Significant differences remain across Europe

Not all countries recorded a decline in registrations in 2023. Indeed, the two largest markets, Germany and France, both recorded small increases. That meant their combined share of European registrations increased to 41%. The United Kingdom also recorded slightly higher registrations than in 2022. In contrast, registrations were lower in the other four top markets – Italy, Poland, Spain and Austria. Some of these countries have suffered from particularly challenging weather conditions over the last year, while changes to government grants for purchasing machinery have also affected some markets.


2023 European ag tractor registrations by country
CEMA barometer

The general business climate index for the agricultural machinery industry in Europe has again deteriorated slightly following the sharp downturn of the previous months. In April 2024, the index decreased from -55 to -57 points (on a scale of -100 to +100).

The survey confirms again that the direct customers of the manufacturers, the dealers, are not able to pass on their numerous orders from the past to end customers. According to the survey, dealer stocks in most European markets are significantly higher than they were even in 2019, which went down in history due to high dealer stock levels.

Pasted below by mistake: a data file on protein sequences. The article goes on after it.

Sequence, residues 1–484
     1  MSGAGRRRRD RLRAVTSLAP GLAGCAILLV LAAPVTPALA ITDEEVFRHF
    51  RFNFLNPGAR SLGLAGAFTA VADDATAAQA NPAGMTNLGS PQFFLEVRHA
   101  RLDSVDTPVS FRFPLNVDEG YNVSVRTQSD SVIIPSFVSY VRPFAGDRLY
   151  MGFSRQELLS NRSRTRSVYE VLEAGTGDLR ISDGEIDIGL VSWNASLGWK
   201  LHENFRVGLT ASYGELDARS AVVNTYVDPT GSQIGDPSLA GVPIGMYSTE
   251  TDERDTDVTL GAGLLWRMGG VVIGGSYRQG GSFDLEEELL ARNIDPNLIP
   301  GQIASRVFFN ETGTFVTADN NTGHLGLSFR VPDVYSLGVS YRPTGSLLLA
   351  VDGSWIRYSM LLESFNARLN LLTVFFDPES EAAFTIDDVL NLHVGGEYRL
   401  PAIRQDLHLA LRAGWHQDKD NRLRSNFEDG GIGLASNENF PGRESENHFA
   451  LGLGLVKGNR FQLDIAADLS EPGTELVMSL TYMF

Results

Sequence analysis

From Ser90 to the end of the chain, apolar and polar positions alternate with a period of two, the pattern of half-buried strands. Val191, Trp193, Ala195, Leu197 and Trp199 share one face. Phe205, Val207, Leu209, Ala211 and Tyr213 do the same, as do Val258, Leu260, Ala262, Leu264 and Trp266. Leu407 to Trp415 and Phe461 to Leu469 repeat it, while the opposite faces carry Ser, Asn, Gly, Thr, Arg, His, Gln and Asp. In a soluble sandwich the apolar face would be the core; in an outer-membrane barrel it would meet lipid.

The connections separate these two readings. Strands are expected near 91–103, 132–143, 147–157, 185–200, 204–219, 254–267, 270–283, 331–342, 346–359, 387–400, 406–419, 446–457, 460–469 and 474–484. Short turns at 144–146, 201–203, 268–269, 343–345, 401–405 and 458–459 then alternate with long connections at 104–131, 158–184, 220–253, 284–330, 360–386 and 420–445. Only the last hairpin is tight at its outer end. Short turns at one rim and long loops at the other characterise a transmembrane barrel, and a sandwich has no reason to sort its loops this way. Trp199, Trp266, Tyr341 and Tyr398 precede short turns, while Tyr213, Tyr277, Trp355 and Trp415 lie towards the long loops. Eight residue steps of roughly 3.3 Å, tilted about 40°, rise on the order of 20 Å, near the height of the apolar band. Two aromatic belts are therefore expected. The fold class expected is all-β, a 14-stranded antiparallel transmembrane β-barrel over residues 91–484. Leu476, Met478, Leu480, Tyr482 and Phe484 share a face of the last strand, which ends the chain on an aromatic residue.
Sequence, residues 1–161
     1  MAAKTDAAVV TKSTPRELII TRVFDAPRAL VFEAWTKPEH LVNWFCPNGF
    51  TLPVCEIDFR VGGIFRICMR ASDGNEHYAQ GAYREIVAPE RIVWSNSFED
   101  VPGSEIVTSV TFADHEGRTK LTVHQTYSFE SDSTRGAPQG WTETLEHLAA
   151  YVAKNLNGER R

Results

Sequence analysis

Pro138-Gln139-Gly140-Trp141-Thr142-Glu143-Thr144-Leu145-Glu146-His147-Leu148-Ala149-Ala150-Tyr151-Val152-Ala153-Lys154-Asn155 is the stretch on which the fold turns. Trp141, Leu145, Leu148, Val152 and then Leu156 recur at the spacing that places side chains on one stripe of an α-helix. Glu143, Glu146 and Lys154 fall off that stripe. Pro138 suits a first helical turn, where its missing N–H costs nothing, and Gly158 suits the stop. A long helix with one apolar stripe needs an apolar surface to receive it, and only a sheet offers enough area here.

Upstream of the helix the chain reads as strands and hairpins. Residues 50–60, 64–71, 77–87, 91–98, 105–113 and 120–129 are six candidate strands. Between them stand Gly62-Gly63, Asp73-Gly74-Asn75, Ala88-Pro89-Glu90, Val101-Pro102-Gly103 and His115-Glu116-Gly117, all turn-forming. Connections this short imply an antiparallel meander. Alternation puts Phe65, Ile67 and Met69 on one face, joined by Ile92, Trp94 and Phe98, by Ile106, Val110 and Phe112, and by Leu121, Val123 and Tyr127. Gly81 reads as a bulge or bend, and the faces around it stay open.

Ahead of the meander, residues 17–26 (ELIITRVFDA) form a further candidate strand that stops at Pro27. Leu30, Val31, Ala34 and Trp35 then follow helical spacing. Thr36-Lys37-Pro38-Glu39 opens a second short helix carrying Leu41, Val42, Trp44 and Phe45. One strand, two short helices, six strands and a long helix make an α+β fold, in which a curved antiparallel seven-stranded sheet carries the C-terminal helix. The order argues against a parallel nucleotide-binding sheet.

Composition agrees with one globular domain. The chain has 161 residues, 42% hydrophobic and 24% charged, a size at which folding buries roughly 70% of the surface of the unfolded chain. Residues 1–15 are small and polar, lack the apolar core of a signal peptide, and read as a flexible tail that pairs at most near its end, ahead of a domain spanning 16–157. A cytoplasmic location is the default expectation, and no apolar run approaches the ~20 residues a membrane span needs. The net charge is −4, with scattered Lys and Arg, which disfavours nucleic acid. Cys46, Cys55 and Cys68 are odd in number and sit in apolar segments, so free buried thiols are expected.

The renewed deterioration in the business climate is, for the second month in a row, solely due to current business evaluations having followed the already lower expectations for the future downwards. According to the survey participants, current business is worse than it has been for more than seven years. Only 5% of industry representatives consider the current business situation to be favorable.

On the other hand, future expectations have stabilized at a low level. Even so, two thirds of survey participants expect their turnover to decline in the coming six months. Meanwhile, a further and significant improvement can be seen in expectations for the coming order intake (an indicator that is not included in the calculation of the overall barometer index).